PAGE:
LP1 is one of those albums that makes for some head-scratching and confusion the first time around. But after two or three listens, it’s really, really likeable. FKA twigs’s wispy voice compliments her experimental sound, making for an oddly beautiful and unique piece of work. – Tessa Roy


The Menzingers – Rented World

One does not simply follow up a masterpiece album like 2012’s On the Impossible Past, but The Menzingers’ newest release proves that sometimes the best way to beat such high expectations is to ignore them completely. Rented World turns its attention from the folktales of dismal nostalgia the band are known for in favor of harsh laments on an imperfect present and an uncertain future, and the music in turn gains a stronger sense of urgency but never in a way that’s too poppy or sacrifices the band’s endearing snarl. It’s definitely not a sequel to OTIP, but still presents The Menzingers’ gritty emo/punk aesthetic and songwriting at their absolute strongest, clearly a triumph in its own right. – Phillip Morgan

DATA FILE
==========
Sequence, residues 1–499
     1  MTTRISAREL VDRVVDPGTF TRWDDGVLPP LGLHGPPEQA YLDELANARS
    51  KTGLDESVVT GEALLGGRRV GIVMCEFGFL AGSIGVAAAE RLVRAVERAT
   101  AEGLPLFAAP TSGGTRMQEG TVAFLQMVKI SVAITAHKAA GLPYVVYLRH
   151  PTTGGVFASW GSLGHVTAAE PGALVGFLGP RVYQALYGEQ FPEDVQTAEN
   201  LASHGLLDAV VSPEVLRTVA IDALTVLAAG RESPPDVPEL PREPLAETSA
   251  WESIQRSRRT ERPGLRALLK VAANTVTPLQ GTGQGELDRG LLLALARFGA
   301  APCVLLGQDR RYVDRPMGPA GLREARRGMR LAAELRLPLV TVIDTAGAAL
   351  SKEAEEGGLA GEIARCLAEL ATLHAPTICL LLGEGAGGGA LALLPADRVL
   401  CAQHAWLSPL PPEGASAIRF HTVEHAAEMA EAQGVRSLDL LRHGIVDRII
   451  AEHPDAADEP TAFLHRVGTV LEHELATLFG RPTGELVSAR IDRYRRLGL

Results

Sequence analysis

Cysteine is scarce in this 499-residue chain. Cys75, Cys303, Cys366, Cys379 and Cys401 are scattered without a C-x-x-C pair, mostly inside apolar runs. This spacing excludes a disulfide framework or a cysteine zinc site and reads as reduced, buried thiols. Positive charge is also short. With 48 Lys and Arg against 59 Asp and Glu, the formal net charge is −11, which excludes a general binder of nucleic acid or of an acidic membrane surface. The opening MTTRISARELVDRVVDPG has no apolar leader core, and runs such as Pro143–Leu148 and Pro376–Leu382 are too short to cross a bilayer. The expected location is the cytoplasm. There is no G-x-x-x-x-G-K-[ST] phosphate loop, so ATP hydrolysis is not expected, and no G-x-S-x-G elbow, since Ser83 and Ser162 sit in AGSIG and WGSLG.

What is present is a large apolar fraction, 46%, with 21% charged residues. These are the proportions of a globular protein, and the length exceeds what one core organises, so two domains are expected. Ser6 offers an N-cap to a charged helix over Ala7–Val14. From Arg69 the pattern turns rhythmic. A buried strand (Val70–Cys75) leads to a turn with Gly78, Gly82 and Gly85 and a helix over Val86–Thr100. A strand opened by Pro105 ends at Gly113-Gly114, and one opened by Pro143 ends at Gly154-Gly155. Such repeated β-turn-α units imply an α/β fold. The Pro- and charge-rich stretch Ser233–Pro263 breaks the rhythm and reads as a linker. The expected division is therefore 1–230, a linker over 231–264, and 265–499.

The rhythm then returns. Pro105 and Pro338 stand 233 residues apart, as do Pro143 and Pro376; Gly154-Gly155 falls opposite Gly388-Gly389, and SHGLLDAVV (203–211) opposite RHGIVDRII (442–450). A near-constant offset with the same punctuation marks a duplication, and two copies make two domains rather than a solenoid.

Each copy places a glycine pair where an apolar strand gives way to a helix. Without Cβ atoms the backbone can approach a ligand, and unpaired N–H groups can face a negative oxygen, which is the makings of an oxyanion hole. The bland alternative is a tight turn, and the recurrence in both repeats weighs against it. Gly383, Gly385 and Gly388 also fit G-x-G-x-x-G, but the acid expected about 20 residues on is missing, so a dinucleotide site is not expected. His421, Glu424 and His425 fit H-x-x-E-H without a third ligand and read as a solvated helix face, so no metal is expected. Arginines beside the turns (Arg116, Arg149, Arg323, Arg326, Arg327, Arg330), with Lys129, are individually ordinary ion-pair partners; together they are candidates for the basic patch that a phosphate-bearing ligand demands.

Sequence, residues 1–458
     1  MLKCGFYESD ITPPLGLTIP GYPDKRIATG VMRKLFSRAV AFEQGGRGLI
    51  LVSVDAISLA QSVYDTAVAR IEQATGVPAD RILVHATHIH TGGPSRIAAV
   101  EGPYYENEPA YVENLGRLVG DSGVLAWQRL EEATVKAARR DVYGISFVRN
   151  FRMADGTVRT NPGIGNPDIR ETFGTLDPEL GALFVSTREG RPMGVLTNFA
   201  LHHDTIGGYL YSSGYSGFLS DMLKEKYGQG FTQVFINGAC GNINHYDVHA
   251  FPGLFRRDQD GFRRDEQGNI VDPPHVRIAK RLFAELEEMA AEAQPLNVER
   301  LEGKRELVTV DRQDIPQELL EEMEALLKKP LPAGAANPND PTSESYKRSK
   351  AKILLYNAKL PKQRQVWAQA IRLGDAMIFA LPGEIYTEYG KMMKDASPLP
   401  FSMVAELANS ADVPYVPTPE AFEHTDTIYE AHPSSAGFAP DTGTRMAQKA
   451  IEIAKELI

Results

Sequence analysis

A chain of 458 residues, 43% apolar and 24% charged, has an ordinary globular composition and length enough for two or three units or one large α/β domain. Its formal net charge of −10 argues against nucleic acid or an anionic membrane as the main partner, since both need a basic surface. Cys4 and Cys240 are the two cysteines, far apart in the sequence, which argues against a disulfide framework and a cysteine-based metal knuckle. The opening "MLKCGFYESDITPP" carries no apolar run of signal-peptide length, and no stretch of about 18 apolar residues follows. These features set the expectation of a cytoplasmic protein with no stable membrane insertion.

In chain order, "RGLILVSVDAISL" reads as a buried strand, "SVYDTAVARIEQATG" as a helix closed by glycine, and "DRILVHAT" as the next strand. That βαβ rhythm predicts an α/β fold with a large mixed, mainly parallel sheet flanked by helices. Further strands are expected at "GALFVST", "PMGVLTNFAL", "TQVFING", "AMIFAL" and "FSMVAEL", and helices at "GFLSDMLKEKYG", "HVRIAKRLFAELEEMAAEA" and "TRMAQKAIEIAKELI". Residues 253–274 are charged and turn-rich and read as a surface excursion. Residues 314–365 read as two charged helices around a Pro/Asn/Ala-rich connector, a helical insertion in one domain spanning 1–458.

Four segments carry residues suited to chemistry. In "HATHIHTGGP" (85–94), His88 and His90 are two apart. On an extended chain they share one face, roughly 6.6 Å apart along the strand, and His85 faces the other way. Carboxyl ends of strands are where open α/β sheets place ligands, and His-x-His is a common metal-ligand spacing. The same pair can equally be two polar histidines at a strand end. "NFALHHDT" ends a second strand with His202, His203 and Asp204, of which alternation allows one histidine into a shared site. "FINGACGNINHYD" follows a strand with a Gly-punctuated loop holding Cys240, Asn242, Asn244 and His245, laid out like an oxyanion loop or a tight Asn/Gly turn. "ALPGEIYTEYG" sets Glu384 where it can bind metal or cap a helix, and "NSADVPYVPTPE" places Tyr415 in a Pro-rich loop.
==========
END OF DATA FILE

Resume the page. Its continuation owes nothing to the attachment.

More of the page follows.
St. Vincent – St. Vincent

It’s electronic. It’s rock. It’s social commentary. It’s St. Vincent. The singer known offstage as Annie Clark received both listener and critical acclaim for her self-titled album, and we won’t hesitate to continue singing these praises. It manages to simultaneously pull off lyrical and musical intelligence, exhibiting St. Vincent’s incredible capabilities. Prepare to have this one on repeat. – Tessa Roy


Modern Baseball – You’re Gonna Miss It All

Emo is not a genre known for its sense of humor, but Modern Baseball’s dry wit feels right at home on their sophomore LP. With lyrics filled with voice-acted lampoons and deadpan sarcasm, this album thrives upon mocking the flawed social interaction and self-absorption of today’s young adults, and not even the band members themselves are safe. The obvious alt-country influence in the music enhances the overall quirky vibe, lending itself to the offbeat lyricism in a series of musical punchlines. Despite the fun exterior, Modern Baseball have a lot to say on social anxiety and how people interact, and You’re Gonna Miss It All is one of the most enjoyable and truly original emo albums in a long time. – Phillip Morgan